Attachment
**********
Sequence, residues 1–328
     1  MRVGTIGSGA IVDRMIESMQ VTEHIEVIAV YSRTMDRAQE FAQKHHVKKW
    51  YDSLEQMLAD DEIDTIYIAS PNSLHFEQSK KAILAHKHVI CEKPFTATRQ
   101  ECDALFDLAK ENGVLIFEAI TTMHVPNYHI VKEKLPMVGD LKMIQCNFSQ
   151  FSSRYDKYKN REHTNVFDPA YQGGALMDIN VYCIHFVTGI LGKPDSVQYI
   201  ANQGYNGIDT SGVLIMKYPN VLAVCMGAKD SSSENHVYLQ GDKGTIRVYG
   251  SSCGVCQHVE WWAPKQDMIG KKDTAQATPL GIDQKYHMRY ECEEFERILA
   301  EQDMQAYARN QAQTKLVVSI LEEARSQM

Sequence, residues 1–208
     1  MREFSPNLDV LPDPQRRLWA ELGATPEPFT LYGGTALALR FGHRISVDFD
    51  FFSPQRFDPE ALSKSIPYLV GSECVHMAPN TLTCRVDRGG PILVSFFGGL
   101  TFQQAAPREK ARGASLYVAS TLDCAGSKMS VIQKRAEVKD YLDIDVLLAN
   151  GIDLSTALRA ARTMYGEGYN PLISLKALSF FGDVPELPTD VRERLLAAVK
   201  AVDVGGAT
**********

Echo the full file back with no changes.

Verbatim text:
Sequence, residues 1–328
     1  MRVGTIGSGA IVDRMIESMQ VTEHIEVIAV YSRTMDRAQE FAQKHHVKKW
    51  YDSLEQMLAD DEIDTIYIAS PNSLHFEQSK KAILAHKHVI CEKPFTATRQ
   101  ECDALFDLAK ENGVLIFEAI TTMHVPNYHI VKEKLPMVGD LKMIQCNFSQ
   151  FSSRYDKYKN REHTNVFDPA YQGGALMDIN VYCIHFVTGI LGKPDSVQYI
   201  ANQGYNGIDT SGVLIMKYPN VLAVCMGAKD SSSENHVYLQ GDKGTIRVYG
   251  SSCGVCQHVE WWAPKQDMIG KKDTAQATPL GIDQKYHMRY ECEEFERILA
   301  EQDMQAYARN QAQTKLVVSI LEEARSQM

Sequence, residues 1–208
     1  MREFSPNLDV LPDPQRRLWA ELGATPEPFT LYGGTALALR FGHRISVDFD
    51  FFSPQRFDPE ALSKSIPYLV GSECVHMAPN TLTCRVDRGG PILVSFFGGL
   101  TFQQAAPREK ARGASLYVAS TLDCAGSKMS VIQKRAEVKD YLDIDVLLAN
   151  GIDLSTALRA ARTMYGEGYN PLISLKALSF FGDVPELPTD VRERLLAAVK
   201  AVDVGGAT